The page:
The Role of Women and Pet Owners

The lack of female perspectives in shaping public policy on wildlife means women's voices go unheard on issues like hunting, trapping and lethal methods to manage wildlife

Wildlife policy traditionally has focused on two groups of stakeholders: farmers who want to keep pests and predators from hurting their crops and livestock, and game enthusiasts who seek ample populations for hunting and fishing. Now that more and more wild animals have moved into our backyards, those with far more varied perspectives want a say in how conflicts and conservation are handled.

Public opinion gatherers, however, continue to disregard a significant number of stakeholders—namely women, says Jennifer Jackman, an associate professor of political science at Salem State University in Massachusetts who holds a master’s in animals and public policy from Cummings School. Most polling about these issues relies on published telephone numbers to gather feedback—roughly 70 percent of which are listed under a man’s name, she says.

The lack of a female voice hurts public policy because “gender is one of the most significant factors when it comes to attitudes on wildlife issues,” Jackman says. Research shows that women are far more likely than men to oppose hunting, trapping and lethal methods to manage wildlife, she says. Women also favored animal-protection measures more than men in 11 state ballot initiatives, including ones that banned dove hunting in Michigan (2006), cockfighting in Oklahoma (2002) and body-gripping traps in Massachusetts (1996).

To gather more balanced data for her own research, Jackman used voter lists—typically 53 percent of registered voters are women—when she surveyed attitudes about coyotes on Cape Cod in 2005 and 2012. She chose Cape Cod for her research because it was one of the last areas in the Northeast to be colonized by coyotes and because human-coyote interactions frequently occur in this fragmented, semi-urban habitat.

Coyotes Not So Ugly

Both surveys sought to assess public support, fears and other attitudes about Cape coyotes. The surveys included questions about pet ownership and care.

“Both the 2005 and 2012 surveys found a significant gender gap on policy issues, with women far less likely to support policy using lethal interventions,” says Jackman. “But overall, in both men and women, there was a growth in acceptance and tolerance of coyotes over the seven-year period.”

Results from both surveys also revealed a statistically significant “pet gap” in attitudes. Although harm to pets was the biggest source of complaints related to coyotes, pet owners were still more supportive and less fearful of coyotes—and more opposed to lethal interventions—than those without pets, she says.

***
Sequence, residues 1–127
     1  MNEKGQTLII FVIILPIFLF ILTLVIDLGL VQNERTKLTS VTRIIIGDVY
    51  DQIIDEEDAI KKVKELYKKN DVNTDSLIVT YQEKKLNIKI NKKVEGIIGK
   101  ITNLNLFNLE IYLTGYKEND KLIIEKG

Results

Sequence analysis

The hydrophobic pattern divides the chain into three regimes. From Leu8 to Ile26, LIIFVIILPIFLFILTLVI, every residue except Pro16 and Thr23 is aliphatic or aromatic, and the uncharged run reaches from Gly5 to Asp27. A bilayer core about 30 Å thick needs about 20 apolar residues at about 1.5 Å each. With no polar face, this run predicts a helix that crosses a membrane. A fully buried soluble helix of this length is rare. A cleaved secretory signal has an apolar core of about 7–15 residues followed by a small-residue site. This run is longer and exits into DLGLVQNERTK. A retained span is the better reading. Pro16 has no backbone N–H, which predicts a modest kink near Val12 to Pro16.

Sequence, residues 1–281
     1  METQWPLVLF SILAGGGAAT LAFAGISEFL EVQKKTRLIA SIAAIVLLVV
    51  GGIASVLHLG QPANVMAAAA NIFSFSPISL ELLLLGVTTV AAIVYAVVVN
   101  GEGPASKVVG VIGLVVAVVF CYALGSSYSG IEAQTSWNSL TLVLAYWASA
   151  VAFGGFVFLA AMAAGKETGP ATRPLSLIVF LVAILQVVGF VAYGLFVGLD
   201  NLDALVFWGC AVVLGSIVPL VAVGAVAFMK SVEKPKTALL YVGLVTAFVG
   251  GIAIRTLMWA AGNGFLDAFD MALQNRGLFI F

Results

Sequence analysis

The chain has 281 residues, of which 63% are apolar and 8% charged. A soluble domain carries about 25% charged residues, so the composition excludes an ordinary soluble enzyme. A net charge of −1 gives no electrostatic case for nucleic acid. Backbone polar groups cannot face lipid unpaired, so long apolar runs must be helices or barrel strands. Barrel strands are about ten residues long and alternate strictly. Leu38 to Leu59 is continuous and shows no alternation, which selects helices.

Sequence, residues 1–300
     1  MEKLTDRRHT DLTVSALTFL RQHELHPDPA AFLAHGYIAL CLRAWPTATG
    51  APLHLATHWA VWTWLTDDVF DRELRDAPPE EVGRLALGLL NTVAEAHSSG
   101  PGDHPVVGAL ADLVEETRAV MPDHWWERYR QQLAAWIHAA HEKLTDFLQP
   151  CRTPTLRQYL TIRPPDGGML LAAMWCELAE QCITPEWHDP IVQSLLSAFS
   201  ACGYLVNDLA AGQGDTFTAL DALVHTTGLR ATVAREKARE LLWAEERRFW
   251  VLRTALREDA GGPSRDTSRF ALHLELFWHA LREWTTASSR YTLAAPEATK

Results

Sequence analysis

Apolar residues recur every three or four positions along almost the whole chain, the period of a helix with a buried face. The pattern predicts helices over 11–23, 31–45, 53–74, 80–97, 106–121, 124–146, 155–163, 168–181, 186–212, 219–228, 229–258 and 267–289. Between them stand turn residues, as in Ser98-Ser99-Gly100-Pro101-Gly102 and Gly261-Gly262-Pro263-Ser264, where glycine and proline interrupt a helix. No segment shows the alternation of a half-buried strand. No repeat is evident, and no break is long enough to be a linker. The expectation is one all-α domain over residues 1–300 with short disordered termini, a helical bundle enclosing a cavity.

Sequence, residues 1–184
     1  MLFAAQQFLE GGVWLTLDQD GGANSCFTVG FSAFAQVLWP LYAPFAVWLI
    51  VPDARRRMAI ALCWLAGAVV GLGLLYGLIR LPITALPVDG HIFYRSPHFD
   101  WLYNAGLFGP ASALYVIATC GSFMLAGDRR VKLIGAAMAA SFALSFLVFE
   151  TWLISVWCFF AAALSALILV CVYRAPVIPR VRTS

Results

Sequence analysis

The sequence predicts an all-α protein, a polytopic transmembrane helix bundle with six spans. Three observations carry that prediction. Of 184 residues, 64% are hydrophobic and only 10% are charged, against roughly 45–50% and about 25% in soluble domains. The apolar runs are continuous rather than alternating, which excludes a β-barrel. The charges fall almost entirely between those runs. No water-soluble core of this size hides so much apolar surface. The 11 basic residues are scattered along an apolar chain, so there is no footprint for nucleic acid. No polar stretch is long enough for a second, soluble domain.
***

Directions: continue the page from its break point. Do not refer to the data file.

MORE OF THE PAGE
Owners’ perceptions of their pets may offer clues about how human behavior contributes to the escalation or resolution of conflicts with coyotes. Jessica Bridgers, who received her master’s in animals and public policy from Cummings School in February, analyzed interviews with 73 survey respondents to explore that notion as part of her coursework.

Her research, which was supported by a grant from the Elizabeth A. Lawrence Endowed Fund, found that owners who view their pets as “wild”—describing a dog as “cunning” or cats as “little tigers,” for example—are more likely to let their animals outside unattended.

“These owners believe their pets have the right to be interacting with wildlife and the natural environment,” Bridgers says. Other owners don’t view their pets as having a rightful place in the natural world. “As a result,” she notes, “they’re more likely to keep pets separate from nature, either indoors, fenced in or on a leash.”

Given that pets are the biggest source of conflicts with coyotes in urbanized areas, Jackman and Bridgers believe data like theirs can help local officials develop better solutions to manage the wild animals. “As we craft policies to address nuisance wildlife in the suburbs,” Jackman says, “it’s important to know if people are changing their own behaviors.”

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